ROI and PR are like oil and water — they don’t mix well.
Having worked in the PR industry for many years, I know how inflammatory such a statement might be.
Many PR professionals and academics dream of a future where our industry can showcase our worth by demonstrating concrete ROI results.
Maybe we’re wrong?
The Basic PR Model
To get us started, let’s look at a basic stakeholder model for public relations:
Stakeholders in Public Relations
In PR, we often discuss stakeholders. And most PR specialisations are grouped based on which stakeholders they’re responsible for managing. 1The stakeholder model is far from perfect. There are plenty of overlaps, especially when it comes to media relations. Also, the corporate communications function is often regarded as an umbrella … Continue reading
A few examples:
A common misconception is that the PR function only deals with journalists, editors, and influencers (Media Relations) within the scope of attracting new customers (Marketing PR). But such work represents only a small percentage of all the stakeholder relationships PR professionals must manage daily.
ROI in Marketing vs PR
With the basic PR model in mind, let me make a distinct point:
If an organisation invests nothing in marketing, there’s no marketing.
If an organisation invests nothing in PR, there’s still PR.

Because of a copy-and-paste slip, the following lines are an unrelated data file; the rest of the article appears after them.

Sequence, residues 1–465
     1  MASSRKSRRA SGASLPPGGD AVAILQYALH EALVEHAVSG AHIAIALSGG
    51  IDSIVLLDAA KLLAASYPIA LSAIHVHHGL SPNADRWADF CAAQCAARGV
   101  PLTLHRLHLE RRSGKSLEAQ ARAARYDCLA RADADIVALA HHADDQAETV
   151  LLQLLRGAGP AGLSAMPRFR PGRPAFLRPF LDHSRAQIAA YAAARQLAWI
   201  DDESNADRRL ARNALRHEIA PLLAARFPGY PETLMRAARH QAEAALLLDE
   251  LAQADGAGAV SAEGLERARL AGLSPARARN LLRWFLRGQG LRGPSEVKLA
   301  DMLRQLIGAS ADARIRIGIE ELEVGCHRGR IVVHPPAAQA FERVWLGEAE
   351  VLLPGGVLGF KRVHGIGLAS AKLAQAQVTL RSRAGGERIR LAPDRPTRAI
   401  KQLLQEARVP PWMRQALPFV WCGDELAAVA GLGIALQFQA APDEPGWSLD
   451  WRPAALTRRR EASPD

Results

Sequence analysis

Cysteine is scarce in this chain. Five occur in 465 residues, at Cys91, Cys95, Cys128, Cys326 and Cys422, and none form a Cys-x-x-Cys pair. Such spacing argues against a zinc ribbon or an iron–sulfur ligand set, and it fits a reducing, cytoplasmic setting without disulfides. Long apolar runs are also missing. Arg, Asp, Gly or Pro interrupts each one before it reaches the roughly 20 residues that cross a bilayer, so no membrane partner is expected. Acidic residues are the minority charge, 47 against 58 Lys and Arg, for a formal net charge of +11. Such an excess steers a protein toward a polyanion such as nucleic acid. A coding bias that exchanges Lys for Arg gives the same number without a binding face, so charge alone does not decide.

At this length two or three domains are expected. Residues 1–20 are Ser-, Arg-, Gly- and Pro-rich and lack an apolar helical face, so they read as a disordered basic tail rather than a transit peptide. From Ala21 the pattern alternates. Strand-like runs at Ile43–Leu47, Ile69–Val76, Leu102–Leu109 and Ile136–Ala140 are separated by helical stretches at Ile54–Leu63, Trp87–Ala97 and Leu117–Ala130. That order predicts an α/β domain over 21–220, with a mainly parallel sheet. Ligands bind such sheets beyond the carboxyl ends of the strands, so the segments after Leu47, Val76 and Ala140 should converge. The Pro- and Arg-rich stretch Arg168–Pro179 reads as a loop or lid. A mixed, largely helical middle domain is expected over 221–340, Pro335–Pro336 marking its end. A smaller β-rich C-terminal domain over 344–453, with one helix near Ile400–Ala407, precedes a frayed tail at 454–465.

Or another way to put it:
No investments in marketing = the return on marketing is zero.
No investments in PR = the return of PR is still a number.
So, does PR work for the ROI definition?
ROI = net income/cost of investment
It should be evident that the basic ROI model lacks fundamental variables to be useful for PR.
Need more convincing? Let’s keep going.
Two Unsolvable Problems
Can’t we make the ROI model work anyway?
Perhaps we can balance the net incomes (beforet0 and aftert1 the PR investment)?
ROI = (net incomet1 — net incomet0) / cost of investment
There are severe problems with this approach:
One problem is that the return on the PR investment is a fluctuating valuation rather than a net income; it’s not “money in the bank.”
This creates an imbalance in the formula:
ROI = (valuationt1 — valuationt0) / cash loss
The next problem is establishing validity; how could we ever calculate the value of t=1 if the organisation never made those PR investments?
An organisation faces a severe crisis, but the PR function manages the situation ideally and minimises the loss of a) net income and b) brand value.
To calculate the value of the investment, we must know how severely the crisis would’ve impacted the organisation without the PR investment. Unless you find a way to visit parallel timelines, there’s no way of finding this out.
And even if we find a method of approximation, there’s still an actual loss of value — which puts the ROI in the red.
The Oil and Water Analogy
So, what does all of this mean in a practical sense?
It means that ROI and PR are like oil and water.
They don’t mix well.
Those who don’t appreciate my initial logic may instead consider that we’ve been trying to establish ROI for PR since the start of our profession — without success.